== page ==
In the past few weeks since the ground breaking ceremony at Konza, I have met with six manufacturing outfits that are considering Africa as their new manufacturing destination. Two are well known chipset manufacturers. Read more

Developing a Knowledge Economy

Yes there are four different Transnational Operators wanting to be in Mombasa. It could be related to the interest in building mega data centers here. These are possibly trying to entice content aggregators to have their point of presence here. There will be some positive to this considering the fact that we get the opportunity to develop capacity (improved real employment opportunities), significantly develop our energy sector and possibly drastically reduce cost of connectivity.

My frustration has been how we get our people to begin working on local content. We do not need cloud for content like Sesame Street when we can create local edutainment from local resources. Remember the local content you develop here is good for any African Country. If we automated our Government records, we shall have the chance to replicate the processes in 50 other countries. We shall get to my bet subject of intra-Africa Trade.
Check this blog and know where the future lies:
After my trip to IGF in Baku, I passed through London at the invitation of the John D. and Catherine T. MacAthur Foundation to join a multidisciplinary Research Network of thinkers and doers on “Opening Government” to analyze and realize the potential impact of technology on democratic institutions, specifically how we can use technology to create more collaborative ways of governing to solve the world’s hardest problems.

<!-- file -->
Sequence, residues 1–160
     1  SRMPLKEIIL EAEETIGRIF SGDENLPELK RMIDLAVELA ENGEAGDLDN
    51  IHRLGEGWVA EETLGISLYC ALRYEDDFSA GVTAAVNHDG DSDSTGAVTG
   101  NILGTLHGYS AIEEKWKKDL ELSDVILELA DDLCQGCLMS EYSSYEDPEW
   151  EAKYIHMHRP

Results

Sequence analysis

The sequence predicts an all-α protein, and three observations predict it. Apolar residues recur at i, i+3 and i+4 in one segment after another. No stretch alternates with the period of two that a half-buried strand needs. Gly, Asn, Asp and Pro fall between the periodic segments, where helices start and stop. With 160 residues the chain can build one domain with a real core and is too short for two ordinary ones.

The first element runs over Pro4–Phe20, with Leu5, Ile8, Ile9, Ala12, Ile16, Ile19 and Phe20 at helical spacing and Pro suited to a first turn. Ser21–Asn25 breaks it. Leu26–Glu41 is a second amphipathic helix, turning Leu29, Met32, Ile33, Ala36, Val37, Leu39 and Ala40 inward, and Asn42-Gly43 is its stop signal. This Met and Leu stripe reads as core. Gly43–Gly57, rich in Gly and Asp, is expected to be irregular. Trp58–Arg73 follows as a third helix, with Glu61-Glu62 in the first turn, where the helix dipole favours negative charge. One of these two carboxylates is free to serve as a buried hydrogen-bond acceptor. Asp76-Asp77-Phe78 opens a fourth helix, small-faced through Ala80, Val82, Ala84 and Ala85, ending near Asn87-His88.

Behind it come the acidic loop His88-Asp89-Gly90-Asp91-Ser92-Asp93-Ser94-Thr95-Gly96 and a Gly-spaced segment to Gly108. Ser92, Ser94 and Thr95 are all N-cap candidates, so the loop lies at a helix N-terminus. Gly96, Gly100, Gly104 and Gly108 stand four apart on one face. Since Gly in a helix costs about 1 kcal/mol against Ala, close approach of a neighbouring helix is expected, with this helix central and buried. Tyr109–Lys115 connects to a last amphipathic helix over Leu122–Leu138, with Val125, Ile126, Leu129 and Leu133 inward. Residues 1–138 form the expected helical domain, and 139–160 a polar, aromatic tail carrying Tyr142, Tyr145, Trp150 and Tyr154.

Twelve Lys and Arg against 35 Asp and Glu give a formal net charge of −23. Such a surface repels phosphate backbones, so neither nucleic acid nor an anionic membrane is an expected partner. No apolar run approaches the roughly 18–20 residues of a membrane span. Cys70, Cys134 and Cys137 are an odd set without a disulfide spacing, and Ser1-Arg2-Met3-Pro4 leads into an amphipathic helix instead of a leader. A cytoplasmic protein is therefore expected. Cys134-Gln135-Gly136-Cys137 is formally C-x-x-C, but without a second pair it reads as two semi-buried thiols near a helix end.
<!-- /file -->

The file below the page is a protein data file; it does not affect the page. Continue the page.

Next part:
There were about 40 Professors meeting at 10 Downing Street. They were mostly from top Universities in the World. Some of the MIT and Stanford researchers have research going on in Kenya or planning to be in Nairobi for collaboration. Most of them mentioned Kenya as an emerging IT destination and hoped we can sustain the innovative capacity.
I realized that we must create an ecosystem that brings together researchers, government and developers together if indeed we want to sustain this innovative capacity. Most of our Universities have become teaching institutions that must now move to research. The real-time data most developers have been wanting must be data from research activities and some from institutions.
For example, any hospital must have its capacity data out there. We need to know which hospitals have Neuro-Surgeons, Cardiologists, Oncologists etc. What equipment is available in these institutions, capability of the labs etc. This is all knowledge such that if I have a heart attack patient I know where to get help instead of trial and error, and as you know Kenyans do not volunteer to say they have no capacity. This is what a knowledge society looks like.